I was talking to a customer today about a recent problem where they ran out of XCF groups and as a result couldn’t start up their queue managers. The fix for this was to reformat their sysplex couple datasets using a higher value for the ITEM NAME(GROUP) NUMBER( xxx ) parameter.

Once they had got their queue managers running again they started asking about how many XCF groups an MQ queue sharing group (QSG) uses. (You can list all current XCF groups using the D XCF,GROUP system command.)

Now the immediate knee-jerk answer to this is one: the XCF group which gets created when the QSG is created. The name of this group will be CSQGxxxx where xxxx is the QSG name. For example on our development plex the XCF group for my QSG is CSQGSQ21. If I issue the
D XCF,GROUP,CSQGSQ21 system command I can see the members of the group, which are the names of my queue managers.

However there are more! MQ QSGs use serialized list structures for the admin structure, and application structures. As these are serialized list structures XES will automatically request an XCF group per structure. Each of these groups will be named IXCLOxxx where xxx is a number in hex.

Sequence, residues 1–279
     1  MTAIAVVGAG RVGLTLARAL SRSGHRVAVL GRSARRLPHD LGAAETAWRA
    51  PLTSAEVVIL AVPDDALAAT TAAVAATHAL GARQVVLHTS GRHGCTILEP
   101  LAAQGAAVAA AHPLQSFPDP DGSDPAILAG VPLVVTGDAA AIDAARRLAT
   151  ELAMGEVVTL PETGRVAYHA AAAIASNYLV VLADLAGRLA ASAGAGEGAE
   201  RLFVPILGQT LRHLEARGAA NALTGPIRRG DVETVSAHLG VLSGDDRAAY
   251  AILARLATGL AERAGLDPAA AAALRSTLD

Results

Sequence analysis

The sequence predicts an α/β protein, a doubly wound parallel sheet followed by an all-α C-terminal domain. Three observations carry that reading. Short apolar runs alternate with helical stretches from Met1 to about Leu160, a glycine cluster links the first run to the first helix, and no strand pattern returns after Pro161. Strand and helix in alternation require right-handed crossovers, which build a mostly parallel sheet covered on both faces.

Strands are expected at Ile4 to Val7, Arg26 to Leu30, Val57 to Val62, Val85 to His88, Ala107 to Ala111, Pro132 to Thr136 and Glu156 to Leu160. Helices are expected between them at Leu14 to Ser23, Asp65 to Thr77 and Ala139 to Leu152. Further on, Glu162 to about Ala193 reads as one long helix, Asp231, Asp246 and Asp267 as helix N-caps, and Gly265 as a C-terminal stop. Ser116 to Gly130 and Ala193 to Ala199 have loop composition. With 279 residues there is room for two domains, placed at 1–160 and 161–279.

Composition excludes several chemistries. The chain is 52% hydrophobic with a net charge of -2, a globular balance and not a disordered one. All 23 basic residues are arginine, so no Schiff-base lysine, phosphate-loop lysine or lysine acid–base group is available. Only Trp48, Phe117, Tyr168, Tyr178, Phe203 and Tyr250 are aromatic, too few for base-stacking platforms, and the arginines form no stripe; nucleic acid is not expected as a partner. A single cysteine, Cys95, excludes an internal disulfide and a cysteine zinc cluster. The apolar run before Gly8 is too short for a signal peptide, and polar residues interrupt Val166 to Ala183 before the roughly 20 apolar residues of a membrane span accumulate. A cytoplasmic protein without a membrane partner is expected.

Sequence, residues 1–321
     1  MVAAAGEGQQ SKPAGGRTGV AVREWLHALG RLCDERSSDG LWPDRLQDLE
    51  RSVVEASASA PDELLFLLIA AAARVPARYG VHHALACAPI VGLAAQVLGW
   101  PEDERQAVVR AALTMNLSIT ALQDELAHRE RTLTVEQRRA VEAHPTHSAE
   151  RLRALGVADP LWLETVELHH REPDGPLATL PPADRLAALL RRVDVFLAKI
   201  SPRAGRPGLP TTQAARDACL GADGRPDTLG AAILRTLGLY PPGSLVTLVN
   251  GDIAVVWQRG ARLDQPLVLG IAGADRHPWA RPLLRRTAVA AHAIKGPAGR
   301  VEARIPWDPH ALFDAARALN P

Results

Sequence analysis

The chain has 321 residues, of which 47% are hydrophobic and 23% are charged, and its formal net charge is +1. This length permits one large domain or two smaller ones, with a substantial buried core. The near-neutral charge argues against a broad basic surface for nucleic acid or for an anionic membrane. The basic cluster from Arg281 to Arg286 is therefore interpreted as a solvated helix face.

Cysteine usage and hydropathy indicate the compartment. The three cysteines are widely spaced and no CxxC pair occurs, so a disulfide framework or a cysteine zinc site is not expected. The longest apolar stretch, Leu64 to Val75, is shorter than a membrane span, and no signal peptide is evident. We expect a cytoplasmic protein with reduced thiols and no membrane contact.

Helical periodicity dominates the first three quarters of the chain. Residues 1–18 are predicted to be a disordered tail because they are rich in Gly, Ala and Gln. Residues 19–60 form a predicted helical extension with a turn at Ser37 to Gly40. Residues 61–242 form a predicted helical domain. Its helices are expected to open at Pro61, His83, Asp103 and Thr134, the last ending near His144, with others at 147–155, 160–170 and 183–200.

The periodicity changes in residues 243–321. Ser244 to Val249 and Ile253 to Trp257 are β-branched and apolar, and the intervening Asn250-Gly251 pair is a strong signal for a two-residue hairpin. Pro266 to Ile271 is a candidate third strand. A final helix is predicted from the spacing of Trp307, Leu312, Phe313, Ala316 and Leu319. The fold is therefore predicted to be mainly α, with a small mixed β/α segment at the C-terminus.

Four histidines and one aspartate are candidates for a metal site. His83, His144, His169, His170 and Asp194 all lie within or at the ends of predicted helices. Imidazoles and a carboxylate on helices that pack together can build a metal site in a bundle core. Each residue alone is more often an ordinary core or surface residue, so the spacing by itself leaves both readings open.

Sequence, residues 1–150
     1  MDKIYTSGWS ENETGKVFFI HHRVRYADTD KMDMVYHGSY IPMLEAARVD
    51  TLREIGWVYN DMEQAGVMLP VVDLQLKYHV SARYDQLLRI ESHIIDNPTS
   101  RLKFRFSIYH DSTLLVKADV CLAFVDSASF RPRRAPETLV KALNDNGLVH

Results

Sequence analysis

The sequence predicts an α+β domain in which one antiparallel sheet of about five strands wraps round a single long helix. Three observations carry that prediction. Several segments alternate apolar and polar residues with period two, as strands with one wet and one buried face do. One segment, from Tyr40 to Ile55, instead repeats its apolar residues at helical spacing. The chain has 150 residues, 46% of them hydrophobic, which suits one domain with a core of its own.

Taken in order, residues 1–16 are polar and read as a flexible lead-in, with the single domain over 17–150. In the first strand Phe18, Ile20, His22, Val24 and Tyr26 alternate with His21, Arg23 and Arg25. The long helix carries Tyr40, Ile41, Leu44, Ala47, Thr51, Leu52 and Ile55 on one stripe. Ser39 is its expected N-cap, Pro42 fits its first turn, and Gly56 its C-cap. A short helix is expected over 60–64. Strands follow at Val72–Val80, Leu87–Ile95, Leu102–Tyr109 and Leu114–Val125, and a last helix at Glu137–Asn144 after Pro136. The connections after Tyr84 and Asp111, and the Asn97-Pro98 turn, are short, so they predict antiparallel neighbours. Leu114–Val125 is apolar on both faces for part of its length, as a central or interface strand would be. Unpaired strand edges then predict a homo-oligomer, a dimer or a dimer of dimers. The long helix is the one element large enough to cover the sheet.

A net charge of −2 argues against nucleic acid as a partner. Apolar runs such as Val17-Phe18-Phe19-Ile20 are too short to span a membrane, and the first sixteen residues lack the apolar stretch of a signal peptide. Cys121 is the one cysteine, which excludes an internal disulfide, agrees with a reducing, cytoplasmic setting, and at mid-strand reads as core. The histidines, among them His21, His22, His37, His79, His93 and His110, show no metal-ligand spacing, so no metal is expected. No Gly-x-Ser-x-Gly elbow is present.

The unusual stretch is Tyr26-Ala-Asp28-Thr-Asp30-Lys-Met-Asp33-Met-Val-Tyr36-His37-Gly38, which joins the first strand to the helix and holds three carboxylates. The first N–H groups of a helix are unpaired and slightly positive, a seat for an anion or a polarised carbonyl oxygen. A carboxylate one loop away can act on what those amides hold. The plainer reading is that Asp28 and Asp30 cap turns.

So for a QSG with 2 application structures you will get a total of 4 XCF groups allocated: one for the QSG, plus three groups for the three structures.

IXCLOxxx XCF groups are created for multiple reasons, not just for MQ. You can figure out which ones are used by MQ by issuing the following system command for each IXCLOxxx XCF group.

D XCF,GROUP,IXCLOxxx,ALL

This will give you something like the following output which will have your queue manager started task name in it, as well as your structure names.

I will get the KnowledgeCentre updated to make it more obvious that these XCF groups are created.

So the moral of the story is make sure you have enough free XCF groups for your QSG!

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